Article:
Published by Bloomsbury Children's on March 6th 2018
Genres: Young Adult Fiction, Contemporary Fiction
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FTC Disclosure: I received this book for free from Netgalley in exchange for an honest review. This does not affect my opinion of the book or the content of my review.
Although set in the same universe as her popular book Letters to the Lost, Brigid Kemmerer’s latest novel More Than We Can Tell is a standalone story that follows two teens who are each carrying around a heavy burden of secrets. Eighteen-year-old Rev Fletcher was raised by an abusive father until he was removed from his home at age 7 and placed with foster parents who eventually adopted him as their own. Even though he now lives in a loving and supportive environment, Rev is still occasionally haunted by the horrors of his past and by the fear that he will somehow grow up to be like his father. Rev lives a normal life and gets by most days without dwelling on his fears too much, but when an unexpected letter arrives from his father, all of those fears rise to the surface and threaten to pull Rev under. He doesn’t know what to do and doesn’t want to upset his adoptive parents, so he keeps the letter a secret even though it is eating him up inside that his father has somehow managed to find him after all these years.
Rev is not the only one in More Than We Can Tell living under the burden of secrets and fears. High school junior Emma Blue is also battling some demons of her own. Emma is a gamer and a gifted coder, so gifted in fact, that she has designed an entire video game from scratch. Coding and designing video games are what Emma wants to pursue as a career, but her father, who actually designs video games for a living, is never around to support her, while her mother, who is a doctor, thinks all of this gaming is just a waste of time. Because she feels they don’t really support her, Emma works on her video game in secret and doesn’t even try to show her parents what she is doing or how good at it she really is. Things get messy, however, when an online troll starts sending her threatening messages through her game. The comments escalate to the point where Emma is basically being sexually harassed through the internet, but because Emma fears her parents will just tell her to delete the game she has worked so hard on, Emma decides to shoulder the burden of this harassment herself and doesn’t tell anyone what is going on even though she is actually afraid of the troll by this point.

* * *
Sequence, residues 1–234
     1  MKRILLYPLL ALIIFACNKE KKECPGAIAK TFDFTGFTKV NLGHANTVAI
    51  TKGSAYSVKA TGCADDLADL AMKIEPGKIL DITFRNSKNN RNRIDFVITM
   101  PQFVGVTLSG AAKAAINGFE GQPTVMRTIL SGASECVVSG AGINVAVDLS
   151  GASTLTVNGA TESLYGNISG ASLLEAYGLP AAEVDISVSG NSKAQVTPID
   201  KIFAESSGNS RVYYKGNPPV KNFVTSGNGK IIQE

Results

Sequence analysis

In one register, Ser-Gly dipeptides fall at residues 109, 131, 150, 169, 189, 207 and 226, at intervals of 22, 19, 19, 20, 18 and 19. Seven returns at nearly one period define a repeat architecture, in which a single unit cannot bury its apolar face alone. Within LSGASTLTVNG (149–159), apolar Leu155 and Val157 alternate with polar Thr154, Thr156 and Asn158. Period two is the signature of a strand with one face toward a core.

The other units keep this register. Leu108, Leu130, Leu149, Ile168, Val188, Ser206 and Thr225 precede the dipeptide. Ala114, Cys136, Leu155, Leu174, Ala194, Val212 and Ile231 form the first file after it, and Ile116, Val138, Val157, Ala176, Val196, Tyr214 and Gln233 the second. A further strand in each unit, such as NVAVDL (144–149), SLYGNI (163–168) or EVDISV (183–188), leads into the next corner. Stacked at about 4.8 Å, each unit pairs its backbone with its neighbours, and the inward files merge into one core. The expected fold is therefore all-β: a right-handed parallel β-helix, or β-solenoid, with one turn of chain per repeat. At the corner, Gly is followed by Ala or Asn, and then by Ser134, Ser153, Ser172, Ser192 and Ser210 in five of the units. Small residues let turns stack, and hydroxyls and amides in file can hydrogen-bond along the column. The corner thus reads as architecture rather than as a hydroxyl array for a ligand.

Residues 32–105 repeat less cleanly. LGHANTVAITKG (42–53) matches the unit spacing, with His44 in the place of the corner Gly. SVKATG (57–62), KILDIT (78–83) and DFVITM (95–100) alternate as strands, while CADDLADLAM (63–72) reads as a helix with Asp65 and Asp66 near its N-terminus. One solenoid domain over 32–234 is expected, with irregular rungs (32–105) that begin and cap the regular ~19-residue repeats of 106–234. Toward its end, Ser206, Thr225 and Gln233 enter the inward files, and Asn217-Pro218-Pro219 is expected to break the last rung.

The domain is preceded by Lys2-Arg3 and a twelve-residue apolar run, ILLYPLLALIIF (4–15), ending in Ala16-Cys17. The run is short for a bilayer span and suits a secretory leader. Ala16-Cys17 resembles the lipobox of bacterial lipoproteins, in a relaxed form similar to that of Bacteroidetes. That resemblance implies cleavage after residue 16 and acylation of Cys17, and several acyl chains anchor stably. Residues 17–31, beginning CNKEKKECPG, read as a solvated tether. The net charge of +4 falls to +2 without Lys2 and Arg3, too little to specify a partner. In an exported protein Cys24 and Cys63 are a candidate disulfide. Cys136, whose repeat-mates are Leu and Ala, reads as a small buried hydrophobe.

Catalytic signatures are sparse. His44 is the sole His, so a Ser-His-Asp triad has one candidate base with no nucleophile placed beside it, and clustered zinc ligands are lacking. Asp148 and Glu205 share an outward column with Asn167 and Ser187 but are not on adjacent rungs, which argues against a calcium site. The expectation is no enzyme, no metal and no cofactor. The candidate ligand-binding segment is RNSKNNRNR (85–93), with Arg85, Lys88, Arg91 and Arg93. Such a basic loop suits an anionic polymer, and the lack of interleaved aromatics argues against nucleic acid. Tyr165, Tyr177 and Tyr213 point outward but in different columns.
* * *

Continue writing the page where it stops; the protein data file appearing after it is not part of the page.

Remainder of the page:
Rev and Emma meet by chance one night while Emma is out walking her dog, and the two of them hit it off immediately and are able to open up to one another in ways that they don’t feel like they can with anyone else. Will their new found friendship turn into something more? Can they help each other deal with the secrets that are wearing them down?
Wow, where to even start with this book? Honestly, I loved pretty much everything about it. It’s filled with wonderfully complex characters, relevant themes, beautiful relationships, and so much more. It made me laugh at times, and it also made me tear up a few times, and I’m a sucker for a book that grabs all of my emotions like that.
I fell in love with both Rev and Emma right away, for very different reasons. Rev was just such a beautiful soul and it hurt my heart to watch him struggle with the memories of what his awful father did to him. It especially got to me that he was so worried that he would turn out just like him, when everything about his personality screamed that he would be the exact opposite. I hated the way his father kept getting into his head and dragging him down, but at the same time, I could easily understand how it kept happening.
I loved Emma because of her independence. I didn’t necessarily agree with her keeping things from her parents, but at the same time, I admired her strength and her determination not to give up on her dream of designing games for a living. My inner geek also loved that she was so passionate about STEM and that she was a pretty badass gamer as well.